SEC fines broker-dealer $100,000 over computer security failures

SEC fines broker-dealer $100,000 over computer security failures

US broker-dealer Commonwealth Financial Network has been fined $100,000 for failing to insist its registered representatives maintain anti-virus software on their computers. The failure led to an intruder gaining access to the firm's Intranet, accessing customer accounts and entering unauthorised purchase orders worth over $523,000.

According to an SEC cease and desist order - first published by ZDNet - an intruder used a computer virus in November 2008 to obtain the login credentials of a Commonwealth registered representative.

Some time later that month, the intruder used the login credentials to enter Commonwealth's Intranet site and view information on how to execute trades.

Approximately a week later, the intruder used the same details to enter the trading platform before running a search query for the Commonwealth registered representative's customer accounts with cash balances in excess of a certain amount, generating a list of 368 accounts.

By doing so, the intruder had access to the account name, account number, account registration type, account net worth, cash balance, and the last four digits of the account owner's Social Security number for all 368 accounts.

The same day, the intruder placed, or attempted to place, eighteen unauthorised purchase orders for the common stock of one publicly-traded company in eight of the 368 customer accounts identified, totalling over $523,000 of purchases.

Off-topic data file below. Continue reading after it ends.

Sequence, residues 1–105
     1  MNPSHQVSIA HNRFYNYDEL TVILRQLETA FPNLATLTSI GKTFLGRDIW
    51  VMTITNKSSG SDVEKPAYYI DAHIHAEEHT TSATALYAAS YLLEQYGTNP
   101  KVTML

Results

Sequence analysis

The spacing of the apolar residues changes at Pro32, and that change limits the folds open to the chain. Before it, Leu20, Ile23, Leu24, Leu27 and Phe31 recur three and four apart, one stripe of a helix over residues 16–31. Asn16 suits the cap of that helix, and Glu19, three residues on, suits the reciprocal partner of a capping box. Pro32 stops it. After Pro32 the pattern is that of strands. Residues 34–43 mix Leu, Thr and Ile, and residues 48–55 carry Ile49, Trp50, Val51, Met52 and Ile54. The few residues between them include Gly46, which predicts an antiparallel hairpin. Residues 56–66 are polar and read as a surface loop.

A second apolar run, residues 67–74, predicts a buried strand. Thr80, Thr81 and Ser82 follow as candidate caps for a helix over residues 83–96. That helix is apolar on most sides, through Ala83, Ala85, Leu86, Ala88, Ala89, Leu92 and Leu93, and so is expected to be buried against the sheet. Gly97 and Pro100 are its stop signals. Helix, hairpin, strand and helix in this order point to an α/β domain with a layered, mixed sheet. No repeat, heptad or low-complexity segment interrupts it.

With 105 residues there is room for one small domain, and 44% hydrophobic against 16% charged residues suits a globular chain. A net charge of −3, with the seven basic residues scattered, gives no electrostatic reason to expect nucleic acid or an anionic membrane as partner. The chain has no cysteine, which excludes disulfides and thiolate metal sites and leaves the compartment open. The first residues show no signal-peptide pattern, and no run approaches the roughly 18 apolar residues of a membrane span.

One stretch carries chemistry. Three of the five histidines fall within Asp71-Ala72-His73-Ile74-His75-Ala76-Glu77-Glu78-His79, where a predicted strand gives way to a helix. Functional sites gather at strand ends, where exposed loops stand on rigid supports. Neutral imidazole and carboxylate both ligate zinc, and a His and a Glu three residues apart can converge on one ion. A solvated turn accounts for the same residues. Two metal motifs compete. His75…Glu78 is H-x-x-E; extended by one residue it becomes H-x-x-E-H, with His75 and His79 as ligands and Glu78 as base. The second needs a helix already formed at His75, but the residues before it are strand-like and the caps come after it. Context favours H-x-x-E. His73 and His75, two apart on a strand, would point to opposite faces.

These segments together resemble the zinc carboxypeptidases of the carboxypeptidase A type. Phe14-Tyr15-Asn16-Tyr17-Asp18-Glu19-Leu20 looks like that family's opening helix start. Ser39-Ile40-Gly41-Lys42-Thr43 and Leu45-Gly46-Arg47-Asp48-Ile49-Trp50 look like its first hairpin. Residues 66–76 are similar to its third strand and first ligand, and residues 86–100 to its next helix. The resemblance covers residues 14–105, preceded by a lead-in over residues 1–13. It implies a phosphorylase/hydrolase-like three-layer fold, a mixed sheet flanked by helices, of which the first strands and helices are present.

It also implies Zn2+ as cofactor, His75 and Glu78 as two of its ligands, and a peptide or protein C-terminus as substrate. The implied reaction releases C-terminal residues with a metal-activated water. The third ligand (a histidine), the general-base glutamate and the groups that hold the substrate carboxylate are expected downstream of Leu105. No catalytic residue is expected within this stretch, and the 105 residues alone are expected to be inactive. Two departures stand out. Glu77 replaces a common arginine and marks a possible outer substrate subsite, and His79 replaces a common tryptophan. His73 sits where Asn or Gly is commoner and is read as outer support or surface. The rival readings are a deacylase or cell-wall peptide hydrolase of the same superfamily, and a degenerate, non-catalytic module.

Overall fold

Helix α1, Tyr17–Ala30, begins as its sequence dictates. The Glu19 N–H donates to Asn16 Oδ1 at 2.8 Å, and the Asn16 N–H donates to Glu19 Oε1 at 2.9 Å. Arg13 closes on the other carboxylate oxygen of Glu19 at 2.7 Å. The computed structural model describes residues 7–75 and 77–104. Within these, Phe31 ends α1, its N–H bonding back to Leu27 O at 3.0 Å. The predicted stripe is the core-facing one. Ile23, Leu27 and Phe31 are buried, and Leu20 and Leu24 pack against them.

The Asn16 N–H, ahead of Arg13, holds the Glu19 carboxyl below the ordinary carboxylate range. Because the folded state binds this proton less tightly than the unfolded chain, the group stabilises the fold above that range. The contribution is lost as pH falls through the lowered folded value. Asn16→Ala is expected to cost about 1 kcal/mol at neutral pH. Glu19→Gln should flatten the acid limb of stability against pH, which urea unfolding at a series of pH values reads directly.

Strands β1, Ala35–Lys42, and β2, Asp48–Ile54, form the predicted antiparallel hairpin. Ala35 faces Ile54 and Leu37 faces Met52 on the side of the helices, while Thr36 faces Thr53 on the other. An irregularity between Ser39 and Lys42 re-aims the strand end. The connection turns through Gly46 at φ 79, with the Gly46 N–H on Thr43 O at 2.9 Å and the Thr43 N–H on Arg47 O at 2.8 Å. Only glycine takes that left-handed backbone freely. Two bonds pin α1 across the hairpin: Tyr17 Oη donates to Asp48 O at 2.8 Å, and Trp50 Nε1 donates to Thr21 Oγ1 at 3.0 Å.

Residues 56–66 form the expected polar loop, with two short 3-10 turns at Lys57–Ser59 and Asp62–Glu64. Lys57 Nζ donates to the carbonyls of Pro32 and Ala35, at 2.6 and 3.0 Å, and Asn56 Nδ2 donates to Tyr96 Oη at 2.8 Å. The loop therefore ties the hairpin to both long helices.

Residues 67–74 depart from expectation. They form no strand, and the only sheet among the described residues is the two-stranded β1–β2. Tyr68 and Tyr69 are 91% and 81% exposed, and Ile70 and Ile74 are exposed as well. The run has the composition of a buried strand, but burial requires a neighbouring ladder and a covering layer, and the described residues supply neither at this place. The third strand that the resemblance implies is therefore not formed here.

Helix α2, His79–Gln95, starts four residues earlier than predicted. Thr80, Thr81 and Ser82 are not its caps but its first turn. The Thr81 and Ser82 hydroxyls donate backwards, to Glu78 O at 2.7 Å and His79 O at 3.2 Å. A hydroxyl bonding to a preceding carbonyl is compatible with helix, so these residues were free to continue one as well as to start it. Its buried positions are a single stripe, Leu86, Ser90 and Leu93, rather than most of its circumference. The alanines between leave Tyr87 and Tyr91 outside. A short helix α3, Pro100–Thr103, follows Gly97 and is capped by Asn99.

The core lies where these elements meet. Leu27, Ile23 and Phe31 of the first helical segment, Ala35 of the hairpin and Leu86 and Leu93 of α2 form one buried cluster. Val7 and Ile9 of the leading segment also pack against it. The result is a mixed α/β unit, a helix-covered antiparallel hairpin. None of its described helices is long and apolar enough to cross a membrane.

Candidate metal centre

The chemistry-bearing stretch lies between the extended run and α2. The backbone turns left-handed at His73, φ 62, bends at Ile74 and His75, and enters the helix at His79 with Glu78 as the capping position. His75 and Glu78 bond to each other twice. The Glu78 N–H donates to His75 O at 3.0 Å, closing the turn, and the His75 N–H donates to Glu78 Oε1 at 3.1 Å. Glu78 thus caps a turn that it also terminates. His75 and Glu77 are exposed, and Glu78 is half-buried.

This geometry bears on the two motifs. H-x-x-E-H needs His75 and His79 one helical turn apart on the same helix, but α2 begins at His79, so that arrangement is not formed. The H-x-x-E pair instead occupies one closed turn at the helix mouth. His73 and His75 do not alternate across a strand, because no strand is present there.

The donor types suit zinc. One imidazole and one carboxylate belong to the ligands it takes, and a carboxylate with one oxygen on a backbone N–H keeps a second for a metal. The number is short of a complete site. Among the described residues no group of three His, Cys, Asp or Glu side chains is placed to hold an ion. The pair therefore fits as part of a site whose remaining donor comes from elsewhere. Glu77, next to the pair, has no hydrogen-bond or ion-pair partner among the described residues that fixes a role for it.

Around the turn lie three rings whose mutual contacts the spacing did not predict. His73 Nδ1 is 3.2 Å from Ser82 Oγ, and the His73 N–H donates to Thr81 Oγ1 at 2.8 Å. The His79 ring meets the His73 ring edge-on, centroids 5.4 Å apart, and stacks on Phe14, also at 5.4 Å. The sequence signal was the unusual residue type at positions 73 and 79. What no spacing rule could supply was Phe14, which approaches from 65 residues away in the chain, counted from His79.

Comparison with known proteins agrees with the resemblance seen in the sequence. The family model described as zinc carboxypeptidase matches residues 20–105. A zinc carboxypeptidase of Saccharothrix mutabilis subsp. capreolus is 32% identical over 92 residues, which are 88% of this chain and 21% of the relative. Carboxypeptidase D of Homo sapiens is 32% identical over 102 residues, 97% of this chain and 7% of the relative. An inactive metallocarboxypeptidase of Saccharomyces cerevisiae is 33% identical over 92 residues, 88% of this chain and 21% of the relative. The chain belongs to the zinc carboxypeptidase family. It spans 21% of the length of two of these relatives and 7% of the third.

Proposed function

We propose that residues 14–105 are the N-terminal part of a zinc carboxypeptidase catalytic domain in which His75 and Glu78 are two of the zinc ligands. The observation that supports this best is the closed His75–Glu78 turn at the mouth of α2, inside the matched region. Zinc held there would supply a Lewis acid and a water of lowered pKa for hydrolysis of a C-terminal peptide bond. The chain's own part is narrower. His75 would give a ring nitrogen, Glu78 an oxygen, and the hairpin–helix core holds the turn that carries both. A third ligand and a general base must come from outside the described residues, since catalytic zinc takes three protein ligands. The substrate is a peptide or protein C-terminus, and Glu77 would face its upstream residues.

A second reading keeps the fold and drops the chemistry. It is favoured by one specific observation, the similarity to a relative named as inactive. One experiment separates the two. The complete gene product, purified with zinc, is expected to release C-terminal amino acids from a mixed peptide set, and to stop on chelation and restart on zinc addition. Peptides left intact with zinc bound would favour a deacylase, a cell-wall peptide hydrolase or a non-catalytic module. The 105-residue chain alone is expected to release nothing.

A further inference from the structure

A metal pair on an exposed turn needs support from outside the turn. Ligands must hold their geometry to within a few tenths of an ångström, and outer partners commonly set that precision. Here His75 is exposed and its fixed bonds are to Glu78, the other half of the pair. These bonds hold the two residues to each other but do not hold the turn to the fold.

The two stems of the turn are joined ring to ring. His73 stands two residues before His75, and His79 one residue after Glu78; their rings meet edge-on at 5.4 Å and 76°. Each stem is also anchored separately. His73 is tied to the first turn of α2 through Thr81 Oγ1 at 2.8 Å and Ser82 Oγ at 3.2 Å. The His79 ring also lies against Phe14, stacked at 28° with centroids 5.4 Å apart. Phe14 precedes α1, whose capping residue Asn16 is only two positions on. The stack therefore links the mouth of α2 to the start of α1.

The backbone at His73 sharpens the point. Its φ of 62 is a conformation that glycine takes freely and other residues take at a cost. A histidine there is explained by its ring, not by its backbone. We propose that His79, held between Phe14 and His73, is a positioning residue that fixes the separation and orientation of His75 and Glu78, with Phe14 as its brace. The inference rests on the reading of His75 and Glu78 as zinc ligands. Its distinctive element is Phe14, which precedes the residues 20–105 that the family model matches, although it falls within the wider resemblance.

The SEC says Commonwealth's clearing broker-dealer detected the move within ten minutes and the intruder was blocked from further trading. The firm immediately cancelled the purchases and transferred them into its error account, absorbing a net loss of approximately $8000, and reported the incident to the Commission staff. It also notified the owners of the 368 accounts.

However, the SEC says Commonwealth was in violation of rules requiring broker-dealers to adopt written policies and procedures "reasonably designed to protect customer information".

Commonwealth recommended that representatives installed anti-virus software on computers used to access account information on the company's Intranet and trading platform, but did not require it.

"As a result, Commonwealth's customer information was left vulnerable to unauthorised access," says the SEC.

In addition, the firm failed to put in place procedures to adequately review its registered representatives' computer security measures. In particular, internal auditors did not audit branch office computers to determine whether anti-virus software was installed, or have procedures in place to follow up problems.

The SEC has censured Commonwealth and the company has been told to pay a civil penalty of $100,000 to the US Treasury.

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